Otearai wa doko desu ka? A guide to Japanese Toilets

Whilst Pilgrim with her designer’s eyes was absorbing all the colours and patterns in Japan, I was a little bit fascinated by Japanese bathrooms. You see the combination of heat, lots of fluid and the fact that I have the bladder which is the size of a pea, meant that I spent quite a lot of my trip visiting the lavatory.

Here are the things that impressed me/amused me most about toilets in Japan (some handy hints in here too):

-Most public toilets are very clean but don’t always have toilet paper. They are nice enough to tell you that on a sign when you walk in, except I usually read it on the way out. Hint: Keep a small pack of tissues in your handbag, there are often people handing out promotional packs at train stations.-Most Western style toilets (even in public places) are super fancy with seat warming functions and warm water jets. Why you would use the bidet function at a cafe or department store baffles me, but each to their own. Warm seats feel a bit weird, like you have followed someone that has been sitting there for a while, eew! Hint: Best not to fiddle with the knobs unless you want to be surprised.

-Parents are catered for quite well, I saw a few family toilets, but most cubicles had these toddler seats in them, and a lot of ladies toilets have mini urinals for boys to use. It took me a while to work out what the urinals were for until I saw a little boy using it.

-Most toilets are self flushing or have a swipe sensor rather than a button. You get so used to the automatic flush that it’s almost annoying when you actually have to find a button to press.

-Many toilets have a fake flushing sound button to mask your tinkle. Some will run water as soon as you sit down to mask your tinkle, it sounds like you’re having a giant tinkle – it’s a bit odd, I was bemused and amused.
-About half of the toilets in a block are usually Japanese style (squatting), they are easier to use than you may think. Most bathrooms have a map when you walk in to identify which cubical is which, handy! Hint: Japanese squat toilets are more likely to be vacant, which means less waiting.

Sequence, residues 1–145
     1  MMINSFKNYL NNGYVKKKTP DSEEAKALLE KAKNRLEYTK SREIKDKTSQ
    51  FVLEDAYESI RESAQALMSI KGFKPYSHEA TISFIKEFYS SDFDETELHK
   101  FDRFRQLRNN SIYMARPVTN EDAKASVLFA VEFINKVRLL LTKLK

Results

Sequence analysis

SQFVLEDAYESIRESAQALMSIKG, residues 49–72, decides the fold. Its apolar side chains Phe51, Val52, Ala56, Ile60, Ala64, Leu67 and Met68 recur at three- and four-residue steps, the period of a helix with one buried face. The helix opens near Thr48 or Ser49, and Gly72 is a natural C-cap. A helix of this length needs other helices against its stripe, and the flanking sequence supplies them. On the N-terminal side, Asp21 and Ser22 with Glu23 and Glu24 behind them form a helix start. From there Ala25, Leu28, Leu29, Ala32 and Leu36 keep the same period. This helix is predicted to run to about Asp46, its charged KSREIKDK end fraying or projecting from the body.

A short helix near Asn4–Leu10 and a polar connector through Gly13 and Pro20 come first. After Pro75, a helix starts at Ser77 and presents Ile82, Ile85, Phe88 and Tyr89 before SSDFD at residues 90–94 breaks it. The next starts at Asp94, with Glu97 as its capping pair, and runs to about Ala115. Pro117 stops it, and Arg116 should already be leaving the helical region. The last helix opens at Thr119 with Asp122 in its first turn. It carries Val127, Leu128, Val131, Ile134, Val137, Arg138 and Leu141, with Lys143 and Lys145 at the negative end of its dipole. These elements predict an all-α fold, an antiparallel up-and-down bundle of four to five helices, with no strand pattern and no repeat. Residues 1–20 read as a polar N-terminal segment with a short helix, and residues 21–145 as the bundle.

-Most public toilets do not provide soap hand towels or hand dryers. Those that did have hand dryers had them switched off to conserve power. It’s customary to carry a small hand towel (like a face washer) in one’s bag for drying your hands. Hint: Buy some pretty hand towels as souvenirs, they are sold everywhere, the designs are super cute and they are quite inexpensive. I bought this bunny hand towel. It can also be used to mop up perspiration but whatever you do, NEVER blow your nose with it. Hint: Best to blow your nose somewhere private, in the toilet is best with fake flush running so no one can hear.

-If you are in someones home or in a ryokan there are often little toilet slippers you are supposed to wear whilst in the toilet. Hint: Best not to wear them out, it’s not a good look!

So that is Cinti’s guide to Japanese toilets…and if you ever get stuck “Otearai wa doko desu ka?” means, Where is the bathroom?



  • Estelle says:

    so much more civilised than our local offerings, and not nearly as terrifying as those 'robo' toilets that hose the entire cubical with disinfectant after every use. I'm with you on the whole bidet function, not in public……

  • CurlyPops says:

    Wowee I don't know if I could cope with so many crazy options!
    Why don't they provide soap? That's a bit icky!

  • Nat @ dear little house says:

    Good to know! I like the little maps to show you where each kind of loo is 🙂

  • Caz Makepeace says:

    Toilets always make interesting travel stories!! I love the picture of how not to squat. I know a few people who used to do it just like that. EW!!!

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